- The Washington Times - Thursday, April 4, 2019

The House Judiciary Committee announced Wednesday that members will hold an open hearing next week on hate crimes and white nationalism, focusing in particular on the part social media platforms play in their propagation.

Scheduled on the heels of a self-described ethno-nationalist taking credit online for last month’s racist massacre at two mosques in Christchurch, New Zealand, the hearing is slated to be held Tuesday on Capitol Hill and will reportedly include testimony from Facebook and Google executives, among others.

“This hearing will examine hate crimes, the impact white nationalist groups have on American communities and the spread of white identity ideology,” the Democratic-led House panel said in a press release.

“The hearing will also foster ideas about what social media companies can do to stem white nationalist propaganda and hate speech online,” the announcement said.

Neil Potts, a public policy director at Facebook, and Alexandria Walden, a counsel for Google, are both among a group of witnesses expected to testify, The Washington Post first reported.

Facebook and Google did not immediately answer messages requesting comment.

Fifty people were killed and dozens injured as a result of a mass-shooting conducted at the two mosques in Christchurch on March 15. Several minutes of the massacre was broadcast live on Facebook, and the suspected shooter, an Australian man, is believed to have written a manifesto rife with white nationalist ideologies shared online prior to the rampage.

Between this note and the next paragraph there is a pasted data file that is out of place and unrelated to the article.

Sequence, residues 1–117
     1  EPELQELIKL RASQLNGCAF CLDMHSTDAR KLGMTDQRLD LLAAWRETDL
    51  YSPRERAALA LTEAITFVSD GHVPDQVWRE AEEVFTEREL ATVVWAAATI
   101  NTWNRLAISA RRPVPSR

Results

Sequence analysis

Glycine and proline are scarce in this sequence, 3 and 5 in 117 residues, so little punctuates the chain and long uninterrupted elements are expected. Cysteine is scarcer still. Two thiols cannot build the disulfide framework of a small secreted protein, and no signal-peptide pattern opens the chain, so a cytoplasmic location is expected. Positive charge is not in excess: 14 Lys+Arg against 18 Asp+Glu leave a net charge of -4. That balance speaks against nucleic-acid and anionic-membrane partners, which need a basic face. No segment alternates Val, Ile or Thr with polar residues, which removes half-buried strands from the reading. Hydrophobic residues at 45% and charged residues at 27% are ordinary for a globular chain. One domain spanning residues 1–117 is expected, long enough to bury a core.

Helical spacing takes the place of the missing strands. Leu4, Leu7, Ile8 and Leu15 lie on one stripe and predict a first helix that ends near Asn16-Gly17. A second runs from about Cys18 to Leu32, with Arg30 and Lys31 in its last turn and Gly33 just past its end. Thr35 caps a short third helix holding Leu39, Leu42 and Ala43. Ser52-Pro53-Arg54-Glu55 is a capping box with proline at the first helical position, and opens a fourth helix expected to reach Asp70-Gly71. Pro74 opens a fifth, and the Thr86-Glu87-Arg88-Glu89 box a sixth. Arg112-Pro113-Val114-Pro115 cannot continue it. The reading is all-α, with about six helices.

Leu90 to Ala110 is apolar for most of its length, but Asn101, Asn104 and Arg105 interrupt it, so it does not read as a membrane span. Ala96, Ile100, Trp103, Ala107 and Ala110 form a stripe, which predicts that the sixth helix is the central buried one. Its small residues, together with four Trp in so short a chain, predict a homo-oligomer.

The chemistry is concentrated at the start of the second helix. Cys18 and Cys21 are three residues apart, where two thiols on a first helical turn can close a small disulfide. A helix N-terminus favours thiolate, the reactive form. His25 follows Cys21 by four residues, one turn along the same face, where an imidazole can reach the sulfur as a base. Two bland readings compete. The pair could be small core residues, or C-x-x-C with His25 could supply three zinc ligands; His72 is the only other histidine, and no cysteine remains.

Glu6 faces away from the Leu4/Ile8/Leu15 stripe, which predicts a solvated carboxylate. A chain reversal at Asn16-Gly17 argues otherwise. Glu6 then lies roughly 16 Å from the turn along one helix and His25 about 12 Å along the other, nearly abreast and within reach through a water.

Internet companies have scrambled to scrub video footage of the massacre and manifesto from the web amid facing new pressure to prevent white nationalists from using their platforms to propagate hate speech, echoing efforts mounted nearly two years earlier in the wake of the deadly “Unite the Right” rally attended by white supremacists in Charlottesville, Virginia.

James Alex Fields Jr., 21, pleaded guilty late last month to 29 federal hate crime charges related to plowing his car into a crowd of counterprotesters who were demonstrating against the “Unite the Right” rally in August 2017. A statement of offense entered alongside his plea agreement said that the event was “widely promoted on social media and internet sites associated with white-supremacist individuals and groups” and that Fields used “multiple social media accounts” prior to the rally to espouse violence against African Americans and Jewish people, among others.

Facebook banned several pages affiliated with “Unite the Right” after the event, and last week it announced that the company is prohibiting “praise, support and representation” of white nationalism and white separatism across the social network and Instagram in the wake of the recent mosque shootings.

President Trump caused a stir after the Charlottesville rally by saying that there was blame to be had by “both sides.” More recently, Mr. Trump drew criticism for claiming after the New Zealand shootings that white nationalists are a “small group of people.”

White supremacists were responsible for more homicides in the U.S. between 2000 and 2016 than any other domestic extremist movement, the Trump administration concluded previously.

“The danger, I think, of white supremacists, violent extremism or another kind of extremism is, of course, significant,” FBI Director Christopher A. Wray told the House Appropriations Committee during a hearing Thursday. “We assess that it is a persistent, pervasive threat. We tackle it both through our joint terrorism task forces on the domestic terrorism side as well as through our civil rights program on the civil side through hate crime enforcement.”

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